Water scarcity will be one of the defining issues of the 21st century. Desalination offers a way to create water from the sea.
The UN and many other Governments believe that water scarcity will be one of the defining issues of the 21st century. We live in a world with an increasingly unpredictable climate with both droughts and floods becoming the norm.
In much of the developed world, we’ve built dams and tapped aquifers to quench our thirst. Many of the people lacking access to freshwater live in the Middle East and Africa. Water resources in these regions already under strain, and this is only set to worsen as their populations continue to grow. We must look for new ways to bring water to both the developed and developing world.
97% of the Earth’s water is saltwater — only 3% is fresh (and much of that is frozen at the poles).
We live in a water world. Over 70% of the Earth is covered by oceans, and over half the world’s population lives near the coast. But less than 3% of the world’s water is freshwater fit for drinking or irrigation. With so many people living near the coast, what if it were possible to turn all that saltwater into something we could drink and use to water our crops?
The process that turns saltwater into freshwater is known as desalination, and is already a global industry. There are several desalination technologies available, but even the most efficient of them is still incredibly energy-intensive. When that energy comes from burning fossil fuels then the process releases a lot of carbon dioxide and contributes to climate change.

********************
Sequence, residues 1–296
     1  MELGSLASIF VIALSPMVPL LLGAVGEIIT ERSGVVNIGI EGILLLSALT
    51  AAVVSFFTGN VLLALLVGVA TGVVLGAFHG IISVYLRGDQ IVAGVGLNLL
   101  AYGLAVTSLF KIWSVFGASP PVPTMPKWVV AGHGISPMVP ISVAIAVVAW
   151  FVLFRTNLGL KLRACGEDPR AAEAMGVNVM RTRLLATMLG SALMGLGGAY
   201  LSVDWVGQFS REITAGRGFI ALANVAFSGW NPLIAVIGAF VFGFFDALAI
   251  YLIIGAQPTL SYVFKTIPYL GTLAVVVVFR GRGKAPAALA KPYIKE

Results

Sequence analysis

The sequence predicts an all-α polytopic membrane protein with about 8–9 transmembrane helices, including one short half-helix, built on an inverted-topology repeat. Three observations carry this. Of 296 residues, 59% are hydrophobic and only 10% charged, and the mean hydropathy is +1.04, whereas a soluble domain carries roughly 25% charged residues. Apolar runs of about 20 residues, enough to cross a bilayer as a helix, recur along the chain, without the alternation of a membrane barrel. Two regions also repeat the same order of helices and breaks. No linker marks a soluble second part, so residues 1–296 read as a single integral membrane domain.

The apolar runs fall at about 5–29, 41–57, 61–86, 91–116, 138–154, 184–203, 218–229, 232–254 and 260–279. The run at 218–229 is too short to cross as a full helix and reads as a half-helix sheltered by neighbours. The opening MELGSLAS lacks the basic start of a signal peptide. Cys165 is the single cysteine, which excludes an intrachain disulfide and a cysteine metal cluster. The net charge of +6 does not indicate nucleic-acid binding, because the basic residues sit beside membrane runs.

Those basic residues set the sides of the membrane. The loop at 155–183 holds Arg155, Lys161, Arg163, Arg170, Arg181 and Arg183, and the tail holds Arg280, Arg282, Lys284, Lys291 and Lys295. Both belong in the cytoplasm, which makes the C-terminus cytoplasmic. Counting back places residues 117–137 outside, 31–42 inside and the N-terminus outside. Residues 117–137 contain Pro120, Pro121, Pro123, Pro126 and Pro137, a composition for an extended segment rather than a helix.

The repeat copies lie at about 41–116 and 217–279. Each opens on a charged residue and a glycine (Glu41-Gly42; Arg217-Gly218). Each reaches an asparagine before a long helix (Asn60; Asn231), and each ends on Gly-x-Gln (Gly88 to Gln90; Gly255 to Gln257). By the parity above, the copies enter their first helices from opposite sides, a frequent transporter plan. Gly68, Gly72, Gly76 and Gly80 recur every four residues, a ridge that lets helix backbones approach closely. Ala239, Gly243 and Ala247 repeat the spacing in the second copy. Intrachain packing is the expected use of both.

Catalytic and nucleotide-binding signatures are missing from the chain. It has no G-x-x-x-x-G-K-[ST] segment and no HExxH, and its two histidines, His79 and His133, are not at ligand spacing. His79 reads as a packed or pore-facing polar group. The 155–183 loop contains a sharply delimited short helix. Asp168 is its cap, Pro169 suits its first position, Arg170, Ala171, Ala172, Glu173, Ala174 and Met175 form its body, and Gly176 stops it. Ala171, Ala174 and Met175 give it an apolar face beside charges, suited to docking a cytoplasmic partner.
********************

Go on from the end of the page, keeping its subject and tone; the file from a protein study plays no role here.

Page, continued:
If large-scale desalination is to become a reality without increasing global warming, then we must choose our source of energy carefully.
Advanced nuclear power provides reliable, affordable and clean electricity.
Water for drinking.
Water for farming.
…even in times of record drought.
Abundant food and water for all with minimal harm to the environment, forever.
Nuclear is perfect for energy-intensive, continuous processes like desalination because, unlike intermittent wind and solar, it can be relied on 24/7, all-year round. Unlike fossil fuel plants though, nuclear is carbon-free.
The idea of nuclear desalination is far from new; it has been considered since the 1960’s. Nuclear energy brings the possibility of creating a constant stream of water to otherwise arid regions.
In 1967 Oak Ridge National Lab invited both Israeli and Egyptian engineers to work together to design large nuclear-powered agro-industrial complexes using nuclear power plants to produce electricity and fresh water, thus bringing life to places once thought uninhabitable.
Though the agro-industrial complexes were never built, the plans stand as a reminder of how even those who don’t always see eye-to-eye can still work together for the benefit of humanity. Should those plans be revisited, the possibility of clean growth in the desert can become reality.
Advanced Nuclear Power.
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About the Author: Robby Kile is a nuclear engineering student and research fellow at Generation Atomic whose interests lie in advanced reactor design, especially the non-power uses of reactors. Robby is a strong proponent of nuclear energy as a tool for fighting climate change and energy poverty around the world.